China said on Thursday it will hold a fresh round of trade talks with the United States in Washington later this month, offering a glimmer of hope for progress in resolving a conflict that has set world markets on edge.
A Chinese delegation led by Vice Minister of Commerce Wang Shouwen will meet with U.S. representatives led by Under Secretary of Treasury for International Affairs David Malpass, the Ministry of Commerce said in a statement on its website.
The world's two largest economies have implemented several rounds of tit-for-tat tariffs on each others goods since the start of the year and have threatened further tariffs on exports worth hundreds of billions of dollars.
The announcement of the forthcoming meeting comes after a lull in talks between the two sides, but it is unclear whether it will take place before or after Aug. 23, when Washington is due to activate additional tariffs on $16 billion of Chinese goods. Beijing has said it will retaliate in kind.
The last official round of talks was in early June when U.S. Commerce Secretary Wilbur Ross met Chinese Vice Premier Liu He in Beijing.
There was no immediate response from the U.S. Treasury to the announcement from Beijing.
The upcoming meeting is lower-level compared with four previous rounds of talks that involved Liu, Ross and U.S. Treasury Secretary Steven Mnuchin.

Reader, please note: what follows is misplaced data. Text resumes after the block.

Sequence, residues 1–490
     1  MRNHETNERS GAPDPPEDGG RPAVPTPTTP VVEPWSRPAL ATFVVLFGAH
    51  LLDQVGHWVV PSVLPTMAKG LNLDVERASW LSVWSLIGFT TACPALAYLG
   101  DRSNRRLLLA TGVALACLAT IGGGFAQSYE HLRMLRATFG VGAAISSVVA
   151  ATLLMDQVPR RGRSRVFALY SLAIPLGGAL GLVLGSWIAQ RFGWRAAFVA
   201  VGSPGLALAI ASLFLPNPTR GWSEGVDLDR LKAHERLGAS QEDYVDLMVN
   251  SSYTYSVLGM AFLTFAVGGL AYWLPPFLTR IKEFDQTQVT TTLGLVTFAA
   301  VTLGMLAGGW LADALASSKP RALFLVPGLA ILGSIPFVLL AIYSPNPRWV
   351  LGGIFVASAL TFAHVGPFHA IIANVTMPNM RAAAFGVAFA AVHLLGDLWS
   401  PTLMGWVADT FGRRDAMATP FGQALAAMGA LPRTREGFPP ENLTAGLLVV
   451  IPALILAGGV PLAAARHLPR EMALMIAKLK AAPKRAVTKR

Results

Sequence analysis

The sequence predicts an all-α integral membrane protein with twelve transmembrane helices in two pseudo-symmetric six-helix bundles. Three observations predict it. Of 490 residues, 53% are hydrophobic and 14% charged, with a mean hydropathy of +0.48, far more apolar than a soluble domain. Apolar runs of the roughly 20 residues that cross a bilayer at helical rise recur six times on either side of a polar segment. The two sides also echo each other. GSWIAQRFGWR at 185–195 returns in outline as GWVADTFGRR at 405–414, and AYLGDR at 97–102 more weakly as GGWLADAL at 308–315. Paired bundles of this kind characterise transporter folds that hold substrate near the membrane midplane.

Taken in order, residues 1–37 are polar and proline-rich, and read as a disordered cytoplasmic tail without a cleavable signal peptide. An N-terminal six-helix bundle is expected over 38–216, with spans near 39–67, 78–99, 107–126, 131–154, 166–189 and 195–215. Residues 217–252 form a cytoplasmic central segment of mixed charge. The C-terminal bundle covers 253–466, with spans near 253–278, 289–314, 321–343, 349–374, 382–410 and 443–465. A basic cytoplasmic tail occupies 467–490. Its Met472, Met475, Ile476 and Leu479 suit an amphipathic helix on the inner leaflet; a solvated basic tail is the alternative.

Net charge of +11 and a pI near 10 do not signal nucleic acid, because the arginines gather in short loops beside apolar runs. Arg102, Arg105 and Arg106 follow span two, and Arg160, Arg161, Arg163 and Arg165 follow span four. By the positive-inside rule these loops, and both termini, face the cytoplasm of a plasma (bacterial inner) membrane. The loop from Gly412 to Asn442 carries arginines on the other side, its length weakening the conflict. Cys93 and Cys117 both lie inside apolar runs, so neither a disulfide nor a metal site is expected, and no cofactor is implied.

Having made little progress in the previous meetings, the White House said on Aug. 3 that the United States is open to further talks with China on how to resolve the festering trade dispute.
China has repeatedly pointed out that U.S. companies and consumers will be hard hit by the trade war, a theme the ruling Communist Party's official People's Daily returned to on Thursday.
U.S. President Donald Trump's "America First" slogan had caused only economic trouble for the country, the paper said, pointing to examples like losses incurred by U.S. soybean farmers amid the trade war.
"What's fantastical is that U.S. trade policy-makers seem to be totally deaf. The voices of producers, the international community and expert groups have been pouring forth, but they're turning a deaf ear to them," it said in a commentary.
The news of the upcoming talks helped Chinese stocks pare losses, with the Shanghai Composite Index and Hong Kong's Hang Seng index both down 0.4 percent, having fallen as much as 1.9 percent and 1.7 percent, respectively, in early trading on Thursday.
U.S. futures also gained, as Dow futures rose as much as 0.5 percent on the news, though they later trimmed some of those gains.
The offshore Chinese yuan rose briefly against the dollar, strengthening to a high of 6.9165 before wilting.
Easing trade tensions helped lift Chinese copper futures off 14-month lows, while prices of Chinese farm goods fell amid hopes that supplies of U.S. soybeans, used to make cooking oil and animal feed, may resume if disputes are resolved.
The United States and China implemented tariffs on $34 billion of each other's exports on July 6 and barring some breakthrough another tit-for-tat exchange is likely when Washington imposes additional tariffs on $16 billion of Chinese goods next week.
Separately, China has said it is prepared to put additional tariffs on 5,207 goods imported from the United States with a total value of $60 billion, ranging from liquefied natural gas to some aircraft.
The move was in response to a threat from Washington to increase tariffs on $200 billion worth of Chinese goods to 25 percent from 10 percent.